Posted on December 5, 2015 by Tamar Benus
Miranda Priestly, Meryl Streep’s character in The Devil Wears Prada said:
“…that sweater is not just blue, it’s not turquoise. It’s not lapis. It’s actually cerulean.”
Last week’s parsha, Parshat Vayeshev, tells the story of Yosef. Famously, Yaakov gives his son Yosef a ketonet pasim (Bereshit 37:3):
וְיִשְׂרָאֵ֗ל אָהַ֤ב אֶת־יוֹסֵף֙ מִכָּל־בָּנָ֔יו כִּֽי־בֶן־זְקֻנִ֥ים ה֖וּא ל֑וֹ וְעָ֥שָׂה ל֖וֹ כְּתֹ֥נֶת פַּסִּֽים
What exactly was this כְּתֹ֥נֶת פַּסִּֽים?
According to Radak, “passim” can be translated as “colorful.” Rashi states that “passim” refers to “fine wool,” which he extrapolates this from Megilat Esther (1:6) “green wool (כַּרְפַּס) and blue wool.” Ibn Ezra claims that the word “passim” connotes that the garment was embroidered. The Targum Yonatan tells us that this garment was illustrated. Hence, “ketonet passim,” may be translated as “a coat of many colors,” “an ornamented tunic,” or “a fine woolen cloak.” (The Living Torah).
The כְּתֹ֥נֶת פַּסִּֽים is important because from one piece of clothing we have insight to emotions and relationships. Yaakov gave the כְּתֹ֥נֶת פַּסִּֽים as a symbol of love. Yosef wears the כְּתֹ֥נֶת פַּסִּֽים with pride and boastfulness. The brothers attach their feelings of hate for Yosef to the fact that he owns and wears the כְּתֹ֥נֶת פַּסִּֽים. One garment gives us so much insight into a person and a family.
Clothing has the power to do just that. Clothing represents how we want to present ourselves to our peers and to the world. There are different shades, different mixes, different hues of color that allow every person to represent themselves as the best YOU possible. Just like Miranda Priestly said, “that sweater is not just blue, it’s not turquoise. It’s not lapis. It’s actually cerulean.” As the biblical commentators above provided there are many fashionable options to help us imagine the כְּתֹ֥נֶת פַּסִּֽים.
Not only is the parsha relevant because outerwear is always in style, but his happens to fall the same week that Pantone, “the world-renowned authority on color and provider of color systems and leading technology for the selection and accurate communication of color across a variety of industries,” made their annual “Color of the Year” announcement. For the first time ever, Pantone announced that there are two colors. The colors for the 2016 are Rose Quartz and Serenity (a light pink and light blue). According to the Pantone announcement, “joined together, Rose Quartz and Serenity demonstrate an inherent balance between a warmer embracing rose tone and the cooler tranquil blue, reflecting connection and wellness as well as a soothing sense of order and peace.”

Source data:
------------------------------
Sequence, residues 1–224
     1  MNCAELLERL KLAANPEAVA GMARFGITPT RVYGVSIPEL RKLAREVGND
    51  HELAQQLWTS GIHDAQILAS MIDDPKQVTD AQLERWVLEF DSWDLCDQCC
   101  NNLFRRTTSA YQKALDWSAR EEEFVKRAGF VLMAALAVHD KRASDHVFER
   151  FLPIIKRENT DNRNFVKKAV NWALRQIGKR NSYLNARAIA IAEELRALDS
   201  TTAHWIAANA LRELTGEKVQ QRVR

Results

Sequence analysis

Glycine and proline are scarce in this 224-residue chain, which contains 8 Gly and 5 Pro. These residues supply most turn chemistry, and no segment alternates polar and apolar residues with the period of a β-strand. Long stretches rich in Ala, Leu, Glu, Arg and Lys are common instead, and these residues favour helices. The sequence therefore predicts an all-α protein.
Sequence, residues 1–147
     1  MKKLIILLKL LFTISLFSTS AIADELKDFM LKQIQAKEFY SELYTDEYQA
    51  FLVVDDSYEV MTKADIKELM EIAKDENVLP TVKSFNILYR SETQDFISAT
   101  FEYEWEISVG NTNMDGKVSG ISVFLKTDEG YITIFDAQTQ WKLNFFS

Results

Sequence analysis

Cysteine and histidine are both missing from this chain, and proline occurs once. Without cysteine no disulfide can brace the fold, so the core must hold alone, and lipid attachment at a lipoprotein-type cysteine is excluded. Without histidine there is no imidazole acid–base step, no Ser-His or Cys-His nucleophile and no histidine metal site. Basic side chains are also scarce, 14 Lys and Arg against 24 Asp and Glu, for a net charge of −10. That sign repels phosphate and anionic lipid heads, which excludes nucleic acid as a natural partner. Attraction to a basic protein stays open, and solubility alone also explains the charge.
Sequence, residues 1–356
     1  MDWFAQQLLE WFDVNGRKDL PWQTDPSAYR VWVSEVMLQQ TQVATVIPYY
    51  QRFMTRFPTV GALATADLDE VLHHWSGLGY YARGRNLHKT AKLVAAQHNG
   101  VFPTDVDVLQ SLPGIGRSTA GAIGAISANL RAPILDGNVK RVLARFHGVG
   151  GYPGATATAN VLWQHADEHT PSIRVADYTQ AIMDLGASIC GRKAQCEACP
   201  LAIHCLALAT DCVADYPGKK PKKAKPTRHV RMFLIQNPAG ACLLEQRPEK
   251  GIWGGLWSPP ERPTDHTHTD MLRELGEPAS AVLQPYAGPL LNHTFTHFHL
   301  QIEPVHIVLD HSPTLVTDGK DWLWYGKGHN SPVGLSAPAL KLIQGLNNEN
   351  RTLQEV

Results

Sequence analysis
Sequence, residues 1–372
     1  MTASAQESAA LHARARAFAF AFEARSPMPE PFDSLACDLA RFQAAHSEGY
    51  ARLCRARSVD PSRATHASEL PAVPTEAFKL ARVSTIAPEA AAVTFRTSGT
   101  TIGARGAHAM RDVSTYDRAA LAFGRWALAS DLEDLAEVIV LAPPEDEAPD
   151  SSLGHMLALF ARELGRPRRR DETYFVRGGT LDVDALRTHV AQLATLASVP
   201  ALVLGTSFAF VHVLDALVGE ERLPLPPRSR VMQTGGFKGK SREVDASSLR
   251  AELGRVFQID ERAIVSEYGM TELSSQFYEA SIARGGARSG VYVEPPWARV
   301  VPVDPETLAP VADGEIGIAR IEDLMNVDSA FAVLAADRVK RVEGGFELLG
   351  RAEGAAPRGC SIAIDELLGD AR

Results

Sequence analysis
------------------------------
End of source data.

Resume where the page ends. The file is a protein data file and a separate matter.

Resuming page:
I think that Pantone’s colors of the year announcement and the כְּתֹ֥נֶת פַּסִּֽים is a lucky coincidence. The כְּתֹ֥נֶת פַּסִּֽים, regardless of the material, design, or colors reflects a connection and relationship. The choice of Pantone to have two colors this year is because they recognize that in today’s world people seek to build connection and relationships.
It is also an opportunity for us to consider our relationships with each other. It is a chance for us to color a dark grey world with colors of hope and happiness. It is a blatant message to connect our world of Torah with the world outside our Beit Midrash.